This implies that an external i. This would further ensure the lifelong endurance of both each individual institution in a system, and of the system itself.

Shifting Patterns of Public Management

This dynamic complexity could be measured in relation to a variety of factors, such as: 1. Number of variables to manage and to take into account in policy-making; 3. Number of decision levels that are sequentially connected; 4. Diversity of issues characterizing different subsystems and policy-making fields associated with a same dynamic and complex system; 6.

Non-linear relations between causes and effects; 8. Number of policy trade-offs in time and space; 9. The two examples of coordinated performance discussed in the previous section can be helpful to sketch an outline of the challenges that the design and use of dynamic performance management systems should face to deal with social outcomes in different environments.

As commented earlier, the example of health and social services mainly implies the challenge to design performance management systems that are primarily focused on the ability of different policy makers to deliver value to the benefit of service users.

The dynamic and complex issues related to such context are mostly associated with the capability of different stakeholders to streamline their own policy implementation actions, so to consistently affect the desired outcomes. As shown in fig. Without an alignment in policy design by such players, the outcomes generated by service delivery could be poorer than the expectations of both the users and policy makers; this would reflect into inefficiency and lack of generated public value.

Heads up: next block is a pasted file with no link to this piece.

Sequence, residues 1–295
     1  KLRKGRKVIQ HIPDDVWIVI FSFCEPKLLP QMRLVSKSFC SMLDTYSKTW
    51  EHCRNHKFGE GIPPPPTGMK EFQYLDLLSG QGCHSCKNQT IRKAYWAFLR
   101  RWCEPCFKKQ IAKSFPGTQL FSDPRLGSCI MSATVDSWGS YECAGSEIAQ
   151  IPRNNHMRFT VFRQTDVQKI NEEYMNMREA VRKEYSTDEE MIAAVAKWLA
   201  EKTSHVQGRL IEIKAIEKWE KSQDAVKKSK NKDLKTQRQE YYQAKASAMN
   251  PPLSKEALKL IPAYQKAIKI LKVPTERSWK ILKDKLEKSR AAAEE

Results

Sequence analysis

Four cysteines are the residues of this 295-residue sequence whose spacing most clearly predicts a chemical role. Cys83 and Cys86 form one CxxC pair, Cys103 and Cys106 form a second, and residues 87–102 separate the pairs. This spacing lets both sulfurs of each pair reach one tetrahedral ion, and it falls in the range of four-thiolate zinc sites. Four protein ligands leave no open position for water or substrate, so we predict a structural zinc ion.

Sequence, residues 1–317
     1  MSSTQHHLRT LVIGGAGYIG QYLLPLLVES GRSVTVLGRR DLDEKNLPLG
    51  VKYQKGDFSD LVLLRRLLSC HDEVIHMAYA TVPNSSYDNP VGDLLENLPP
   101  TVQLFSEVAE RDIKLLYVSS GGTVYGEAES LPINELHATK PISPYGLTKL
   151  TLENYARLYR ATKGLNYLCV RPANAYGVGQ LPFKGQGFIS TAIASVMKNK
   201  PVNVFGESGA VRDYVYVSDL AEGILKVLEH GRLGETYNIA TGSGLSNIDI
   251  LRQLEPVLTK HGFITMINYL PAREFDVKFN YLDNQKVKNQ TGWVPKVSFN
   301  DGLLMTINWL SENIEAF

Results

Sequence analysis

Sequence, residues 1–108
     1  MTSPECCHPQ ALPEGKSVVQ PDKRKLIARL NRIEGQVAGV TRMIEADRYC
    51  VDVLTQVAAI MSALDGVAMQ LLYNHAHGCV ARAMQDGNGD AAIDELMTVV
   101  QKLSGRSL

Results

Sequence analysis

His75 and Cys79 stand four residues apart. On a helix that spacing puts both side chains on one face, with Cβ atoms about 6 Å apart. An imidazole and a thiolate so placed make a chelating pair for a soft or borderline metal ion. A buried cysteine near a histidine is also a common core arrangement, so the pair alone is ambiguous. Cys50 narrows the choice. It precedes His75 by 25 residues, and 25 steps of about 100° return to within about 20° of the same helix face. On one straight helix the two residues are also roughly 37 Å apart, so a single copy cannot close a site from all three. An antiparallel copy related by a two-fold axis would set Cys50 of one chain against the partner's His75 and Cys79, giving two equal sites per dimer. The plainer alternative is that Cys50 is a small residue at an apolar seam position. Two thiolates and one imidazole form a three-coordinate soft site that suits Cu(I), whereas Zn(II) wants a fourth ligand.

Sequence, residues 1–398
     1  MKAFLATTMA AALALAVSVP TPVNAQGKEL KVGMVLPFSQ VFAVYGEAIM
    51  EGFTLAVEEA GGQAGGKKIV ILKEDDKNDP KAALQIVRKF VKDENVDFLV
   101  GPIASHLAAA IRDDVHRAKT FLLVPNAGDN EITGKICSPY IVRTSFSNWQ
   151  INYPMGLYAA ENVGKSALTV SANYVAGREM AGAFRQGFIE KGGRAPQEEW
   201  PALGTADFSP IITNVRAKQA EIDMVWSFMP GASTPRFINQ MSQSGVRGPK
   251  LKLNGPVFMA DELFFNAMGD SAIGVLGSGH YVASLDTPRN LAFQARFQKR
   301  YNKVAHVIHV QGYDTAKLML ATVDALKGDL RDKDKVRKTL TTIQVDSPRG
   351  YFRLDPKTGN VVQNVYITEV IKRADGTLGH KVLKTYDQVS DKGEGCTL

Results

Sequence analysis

In particular, it shows the role of two performance drivers, i. Such measures contribute to build up the stock of total collaborations, which in turn may affect the investigated outcomes changes in pollution and employment rates. As said, in this case — in respect to the previous one — the focus of the performance management model would be more on service delivery than on policy integration.

Likewise, improved and shared information systems — as well as the use of rewards systems more inclined to foster collaborative approaches — would be likely to improve referral rates across agencies outcome performance measures. Summary and Conclusions In summary, this paper will make some initial steps in conceptualizing performance measurements for coordination and demonstrate how they be applied in two policy areas with different requirements for coordination. To this end, a dynamic performance management approach is suggested, and such perspective is used to frame the two investigated policy areas.

It also begins to link processes of policymaking, and drivers of performance, with the final outcomes of policymaking While not actually measuring that coordination in actual policymaking situations, it will provide the foundation for further development of this important dimension of performance management.

The Coordination of Public Sector Organizations: Shifting Patterns of Public Management

References: Bianchi, C. Bianchi, C. Bogdanor, V. Joined-Up Government. Oxford: Oxford University Press. Bouckaert, G. Peters, and K. Basingstoke: Macmillan. And J. Briassoulis, H.


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  • The Coordination of Public Sector Organizations?
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Aldershot, UK: Ashgate. Challis, L. Et al. Christensen, T. Femreite and P. Cook, K. And C. Wittek, T. Snijders and V. Nee, eds.

Peters, and J. Toronto: University of Toronto Press. Davis, G. Schoonhaven and F. Ghaffarzadegan N. How small system dynamics models can help the public policy process, System Dynamics Review, 27, 1 , p. Head B, and Alford J. Husted, K. And S. Jennings, E. Public Administration Review — Laegreid P. Main, E. Bowman and B.